Conservationists voice concerns over municipal move to obstruct measures to preserve quake-hit Bagh DurbarDespite the Supreme Court’s order on March 19 to preserve the Rana-era palace, the monument remains exposed to monsoon rains.
Heritage conservationists, culture experts and locals have criticised the Kathmandu Metropolitan City for its move to obstruct the work of laying tarpaulin sheets on Bagh Durbar which was damaged in the 2015 earthquake. The tarpaulin sheets were being laid to protect the historic Rana-era palace from natural elements.
The Supreme Court, on March 19, had ordered the Department of Archaeology among other government stakeholders to protect the palace from exposure to weather conditions.
Following the court verdict, the department on April 29 had assigned Raj Construction to lay tarpaulin sheets on the roof of the damaged durbar.
“We had assigned Raj Construction to cover the roof of the durbar with tarpaulin sheets, but the metropolis didn’t let the contractor to complete the work,” said Sampat Ghimire, senior engineer at the department.
“We wrote to the metropolis, but it replied saying that it would carry out the task itself.”
The pre-monsoon shower has already started to make its presence felt in Kathmandu but the metropolis has yet to start work on the palace.
“This is going to further damage the historic monument. The metropolis has no intentions to restore the durbar, it instead wants to demolish the entire structure and build a new one. This way the officials are in for a big commission,” said Ganapati Lal Shrestha, a heritage activist who has long been advocating for the protection of Bagh Durbar.
The top court had issued an order in response to a writ filed in October last year. When the Post contacted spokesperson for the metropolis, Ishwor Man Dangol, he said that he was unaware of the metropolis obstructing work at the palace.
“We can’t go against the Supreme Court’s order; we will be coordinating with the Department of Archaeology and laying tarpaulin sheets on the roof soon,” said Dangol.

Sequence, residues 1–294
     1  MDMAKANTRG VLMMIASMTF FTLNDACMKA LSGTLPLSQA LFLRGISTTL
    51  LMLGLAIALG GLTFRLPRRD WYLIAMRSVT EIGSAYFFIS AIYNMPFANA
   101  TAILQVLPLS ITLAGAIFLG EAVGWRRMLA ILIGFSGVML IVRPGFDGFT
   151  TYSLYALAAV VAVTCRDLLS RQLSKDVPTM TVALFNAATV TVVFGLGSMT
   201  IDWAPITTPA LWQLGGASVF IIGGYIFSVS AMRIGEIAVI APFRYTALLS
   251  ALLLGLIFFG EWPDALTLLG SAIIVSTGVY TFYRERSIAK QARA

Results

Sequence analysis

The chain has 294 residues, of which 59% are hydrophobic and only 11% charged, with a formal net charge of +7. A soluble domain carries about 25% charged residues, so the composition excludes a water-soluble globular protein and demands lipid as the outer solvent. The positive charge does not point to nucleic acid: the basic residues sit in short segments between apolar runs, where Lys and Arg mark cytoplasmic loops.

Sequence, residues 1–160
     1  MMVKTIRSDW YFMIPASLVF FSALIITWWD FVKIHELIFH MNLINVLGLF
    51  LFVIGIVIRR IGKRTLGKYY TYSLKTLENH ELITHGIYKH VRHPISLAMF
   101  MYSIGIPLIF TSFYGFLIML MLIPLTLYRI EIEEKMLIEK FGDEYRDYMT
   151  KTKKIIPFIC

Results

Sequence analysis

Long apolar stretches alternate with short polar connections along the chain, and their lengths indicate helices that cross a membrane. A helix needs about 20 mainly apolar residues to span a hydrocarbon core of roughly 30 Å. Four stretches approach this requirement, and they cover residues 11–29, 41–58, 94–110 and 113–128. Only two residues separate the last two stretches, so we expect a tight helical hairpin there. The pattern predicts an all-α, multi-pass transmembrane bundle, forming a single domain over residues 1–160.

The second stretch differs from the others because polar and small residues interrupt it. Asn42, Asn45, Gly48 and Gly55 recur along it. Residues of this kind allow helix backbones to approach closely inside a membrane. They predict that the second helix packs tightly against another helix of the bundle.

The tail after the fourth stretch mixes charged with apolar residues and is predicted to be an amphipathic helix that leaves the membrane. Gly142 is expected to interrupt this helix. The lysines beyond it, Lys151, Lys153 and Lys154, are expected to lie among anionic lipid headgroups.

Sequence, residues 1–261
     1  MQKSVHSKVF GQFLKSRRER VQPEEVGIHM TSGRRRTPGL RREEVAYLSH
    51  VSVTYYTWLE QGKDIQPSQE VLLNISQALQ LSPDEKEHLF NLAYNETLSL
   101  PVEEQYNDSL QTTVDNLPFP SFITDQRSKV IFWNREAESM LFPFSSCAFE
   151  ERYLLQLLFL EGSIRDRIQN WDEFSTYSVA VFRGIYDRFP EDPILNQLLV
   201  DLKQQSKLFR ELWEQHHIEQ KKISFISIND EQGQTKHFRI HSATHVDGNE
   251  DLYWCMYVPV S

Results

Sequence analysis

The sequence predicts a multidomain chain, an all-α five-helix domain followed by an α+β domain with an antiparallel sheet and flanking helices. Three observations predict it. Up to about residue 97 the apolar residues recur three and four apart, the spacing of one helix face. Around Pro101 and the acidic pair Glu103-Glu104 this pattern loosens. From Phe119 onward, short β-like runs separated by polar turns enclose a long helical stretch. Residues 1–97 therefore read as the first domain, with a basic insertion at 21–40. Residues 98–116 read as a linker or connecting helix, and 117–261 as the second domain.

The construction company, however, released a statement on May 8, saying that senior officials at the Mayor’s office Krishna Raj Bista, Ganesh Prasad Thapaliya, Hari Bahadur Kunar, chief Raj Panday and Gyanendra Karki had obstructed the task of laying tarpaulin and also accused the officials of manhandling the workers.
Venting his frustration at the metropolis’ move, Sudarshan Raj Tiwari, an architect and former dean of the Institute of Engineering, termed it ‘destructive.’
“This is a legacy of late Bhimsen Thapa. The metropolis should take active measures to preserve this neoclassical building,” said Tiwari. “I can’t believe that the metropolis is neglecting the Supreme Court’s order and is devoted to destroying the durbar.”
The apex court on March 19 with a division bench of Justice Anil Kumar Sinha and Sapana Malla Pradhan had ordered the government and stakeholders to initiate a process within 15 days to decide on the methods and mechanisms to conserve the palace.
On the same date, the judges had also ordered the department, metropolis and National Reconstruction Authority, archaeologists, historians, structure experts, Vastu consultants and architects, to work together and submit a report within three months on ways to conserve the palace. However, no significant progress seem to have been made with less than two weeks left for the report submission deadline.
When the Post contacted Ram Bahadur Kunwar, spokesperson for the department, regarding the progress of the report he said that the department has completed its homework. “We have sent a letter to the Ministry of Culture, Tourism and Civil Aviation, and the ministry is working on it,” said Kunwar.